Moderation analyses were conducted to assess whether adolescent girls were more likely than boys to be depressed, at the same high levels of depression vulnerability. Contrary to our predictions, sex did not moderate the impact of most vulnerability factors on the likelihood of current depression. Indeed, the various parent and child characteristics were consistently associated with depressive diagnoses in both boys and girls. The only exception was paternal depression, which was more strongly related to the likelihood of depression in boys than in girls, when the effects of maternal depression status were controlled. This is consistent with previous findings that paternal depressive symptoms are associated with concurrent internalizing symptoms in boys, but not girls (Hops, 1992, 1996; Thomas & Forehand, 1991). The current study expands upon these findings by formally testing moderation and by providing evidence that the effect of paternal depression extends to fathers and sons with diagnosable depression. Identification of a risk factor in boys is important in and of itself, but it does not explain why girls are more likely to be depressed than boys. Indeed, none of the moderation analyses supported the notion that girls were more susceptible to the risk factors examined when compared to boys. As such, the sex difference in the likelihood of experiencing a current depressive episode did not appear to be due to adolescent girls’ greater susceptibility to these risk factors for depression.
Our overall lack of significant moderation findings is contrary to a number of studies that have found that different factors are associated with self-reported depressive symptoms in boys and girls (e.g., Boyle & Pickles, 1997; Crawford et al., 2001; Davies & Windle, 1997; Kobak et al., 1991; Leadbeater et al., 1999; McCabe, Ricciardelli, & Banfield, 2001; Slavin & Rainer, 1990). However, our findings are consistent with a large study of depression diagnoses, which also did not find support for moderation (e.g., Lewinsohn et al., 1994, 1998). Our findings provide further evidence that vulnerability factors for boys and girls are similar when clinician-rated diagnoses are examined rather than self-reported depressive symptoms. Nonetheless, it may be premature to conclude a lack of sex difference in vulnerability to diagnosable depression, as many models of depression vulnerability are proposed within the diathesis-framework, and the present study did not examine the role of stressful life events.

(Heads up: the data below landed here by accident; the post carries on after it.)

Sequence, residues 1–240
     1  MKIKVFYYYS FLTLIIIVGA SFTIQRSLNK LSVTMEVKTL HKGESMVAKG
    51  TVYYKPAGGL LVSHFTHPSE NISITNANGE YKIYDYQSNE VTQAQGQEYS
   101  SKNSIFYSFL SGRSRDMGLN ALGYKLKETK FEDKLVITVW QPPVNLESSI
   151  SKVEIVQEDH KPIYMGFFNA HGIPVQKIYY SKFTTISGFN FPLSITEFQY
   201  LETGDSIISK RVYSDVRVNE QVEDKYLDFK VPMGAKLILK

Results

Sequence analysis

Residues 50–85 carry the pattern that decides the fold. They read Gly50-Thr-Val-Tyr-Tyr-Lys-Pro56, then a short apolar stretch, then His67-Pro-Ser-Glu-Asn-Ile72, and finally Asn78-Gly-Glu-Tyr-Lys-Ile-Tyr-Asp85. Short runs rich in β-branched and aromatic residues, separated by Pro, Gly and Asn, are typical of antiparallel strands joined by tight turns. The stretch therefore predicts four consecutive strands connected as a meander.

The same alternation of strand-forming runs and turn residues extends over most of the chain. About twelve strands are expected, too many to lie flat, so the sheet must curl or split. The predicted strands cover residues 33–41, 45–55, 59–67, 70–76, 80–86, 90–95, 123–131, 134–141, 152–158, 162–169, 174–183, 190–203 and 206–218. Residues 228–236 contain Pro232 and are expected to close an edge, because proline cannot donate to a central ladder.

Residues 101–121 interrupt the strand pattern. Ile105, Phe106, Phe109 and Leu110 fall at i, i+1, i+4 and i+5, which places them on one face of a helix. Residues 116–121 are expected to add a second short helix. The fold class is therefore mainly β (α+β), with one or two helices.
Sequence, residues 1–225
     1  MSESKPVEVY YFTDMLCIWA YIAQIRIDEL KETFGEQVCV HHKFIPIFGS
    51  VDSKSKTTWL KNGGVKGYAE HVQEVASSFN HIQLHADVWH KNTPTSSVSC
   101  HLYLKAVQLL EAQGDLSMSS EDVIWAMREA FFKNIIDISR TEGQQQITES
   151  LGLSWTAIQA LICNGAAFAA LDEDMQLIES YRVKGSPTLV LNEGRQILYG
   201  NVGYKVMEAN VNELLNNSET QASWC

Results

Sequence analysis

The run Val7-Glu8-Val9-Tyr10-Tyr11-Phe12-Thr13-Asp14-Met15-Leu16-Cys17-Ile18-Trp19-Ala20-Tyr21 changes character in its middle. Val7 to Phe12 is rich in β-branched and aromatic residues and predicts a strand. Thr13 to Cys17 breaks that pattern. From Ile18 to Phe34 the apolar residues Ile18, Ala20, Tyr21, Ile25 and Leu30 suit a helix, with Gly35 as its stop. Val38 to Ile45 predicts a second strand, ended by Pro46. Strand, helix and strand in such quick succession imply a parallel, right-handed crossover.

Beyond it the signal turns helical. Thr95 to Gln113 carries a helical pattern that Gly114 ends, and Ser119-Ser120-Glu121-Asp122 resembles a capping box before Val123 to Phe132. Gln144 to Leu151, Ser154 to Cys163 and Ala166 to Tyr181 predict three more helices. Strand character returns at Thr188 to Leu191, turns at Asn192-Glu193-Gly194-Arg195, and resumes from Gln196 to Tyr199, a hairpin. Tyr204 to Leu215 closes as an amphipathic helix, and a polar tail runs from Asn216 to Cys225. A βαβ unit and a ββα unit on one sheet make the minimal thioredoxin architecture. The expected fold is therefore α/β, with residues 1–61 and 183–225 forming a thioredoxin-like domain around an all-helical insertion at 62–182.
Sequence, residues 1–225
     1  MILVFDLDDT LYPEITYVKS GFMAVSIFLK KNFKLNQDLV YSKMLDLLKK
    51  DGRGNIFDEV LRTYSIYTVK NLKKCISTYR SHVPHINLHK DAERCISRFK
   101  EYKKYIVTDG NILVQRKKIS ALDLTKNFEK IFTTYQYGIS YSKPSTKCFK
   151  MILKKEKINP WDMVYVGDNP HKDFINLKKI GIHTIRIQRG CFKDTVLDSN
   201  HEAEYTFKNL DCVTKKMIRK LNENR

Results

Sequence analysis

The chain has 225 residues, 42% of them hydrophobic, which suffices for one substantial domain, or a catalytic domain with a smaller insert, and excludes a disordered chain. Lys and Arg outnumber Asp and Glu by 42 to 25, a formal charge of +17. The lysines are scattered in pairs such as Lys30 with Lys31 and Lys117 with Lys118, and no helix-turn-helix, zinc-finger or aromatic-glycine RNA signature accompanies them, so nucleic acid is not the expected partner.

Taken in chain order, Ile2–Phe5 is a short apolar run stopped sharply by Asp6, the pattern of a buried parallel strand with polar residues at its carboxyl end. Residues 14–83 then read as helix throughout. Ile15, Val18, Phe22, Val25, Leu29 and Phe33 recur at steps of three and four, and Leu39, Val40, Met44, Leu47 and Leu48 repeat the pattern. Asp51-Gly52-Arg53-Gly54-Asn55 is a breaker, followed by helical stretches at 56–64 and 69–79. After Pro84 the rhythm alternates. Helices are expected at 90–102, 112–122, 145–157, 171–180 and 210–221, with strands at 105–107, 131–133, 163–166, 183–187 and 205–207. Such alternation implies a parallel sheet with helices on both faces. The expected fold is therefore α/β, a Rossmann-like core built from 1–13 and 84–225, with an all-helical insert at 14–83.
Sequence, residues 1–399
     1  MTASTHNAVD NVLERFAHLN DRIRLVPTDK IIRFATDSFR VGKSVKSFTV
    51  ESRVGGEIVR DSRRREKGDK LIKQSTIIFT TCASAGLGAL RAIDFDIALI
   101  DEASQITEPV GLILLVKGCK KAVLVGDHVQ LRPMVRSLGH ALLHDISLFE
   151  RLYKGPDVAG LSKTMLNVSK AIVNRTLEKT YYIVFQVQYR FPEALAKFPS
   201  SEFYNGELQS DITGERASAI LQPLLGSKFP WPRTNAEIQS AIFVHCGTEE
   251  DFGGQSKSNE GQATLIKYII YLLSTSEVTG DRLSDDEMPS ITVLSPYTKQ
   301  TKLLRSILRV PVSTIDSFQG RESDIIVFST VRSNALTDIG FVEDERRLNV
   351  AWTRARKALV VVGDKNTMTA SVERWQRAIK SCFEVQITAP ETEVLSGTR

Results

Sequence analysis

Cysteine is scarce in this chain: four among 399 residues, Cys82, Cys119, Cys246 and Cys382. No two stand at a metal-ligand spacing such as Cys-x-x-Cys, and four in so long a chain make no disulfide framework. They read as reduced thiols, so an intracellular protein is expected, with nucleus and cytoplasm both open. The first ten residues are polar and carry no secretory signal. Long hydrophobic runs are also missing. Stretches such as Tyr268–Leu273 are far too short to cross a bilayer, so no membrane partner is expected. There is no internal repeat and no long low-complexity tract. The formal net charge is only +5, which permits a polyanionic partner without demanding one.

In contrast to moderation analyses, mediation analyses examined whether being female is associated with higher levels of vulnerability factors that are in turn associated with greater likelihood of depression. Specifically, we examined whether adolescent girls reported poorer quality parent–child relationships, higher levels of insecure attachment cognitions, and more negative self-perceptions compared to their male counterparts. As predicted, girls reported more negative self-perceptions in the domains of achievement, global self-worth, and physical appearance. For each of these variables, female sex was associated with higher levels of negative self-perceptions. Moreover, these three depression vulnerability factors partially mediated the relationship between being female and the higher likelihood of current depression.
These mediation findings both replicate and expand upon previous research. The physical appearance and global –self-worth findings replicate other studies that have similarly reported that negative self-perceptions of physical appearance and global self-worth mediate the sex difference in depressive symptoms (Allgood-Merten et al., 1990; Marcotte et al., 2002; Ohannessian et al., 1999). Our achievement finding represents a novel contribution to the literature. While previous studies have provided evidence that girls have more negative perceptions of their achievement in the domain of athletic competence compared to boys (Hagborg, 1993; Rose & Montemayor, 1994), we may be the first adolescent study to demonstrate that these negative self-perceptions in the achievement domain increase girls’ likelihood of depression and partially explain the sex difference in depression.
In addition, we found evidence that certain vulnerability factors were actually lower in adolescent girls compared to boys, which served to make girls less susceptible to depression than they would have been otherwise. In particular, the analysis of suppression effects indicated that girls reported more positive perceptions of maternal parenting, more secure attachment cognitions, and more positive self-perceptions in social relationships, compared to boys. Lower levels of these interpersonal vulnerability factors were associated with a reduced likelihood of depression. Stated another way, if girls did not have higher levels of these positive factors compared to boys, the sex difference in likelihood of depression would be even larger than it is. The findings suggest that, interpersonal variables, which are generally perceived as potential causes of the sex difference (e.g., Cyranowski et al., 2000; Rudolph, 2002), may actually serve to minimize the sex difference in adolescent depression when the conditions are positive.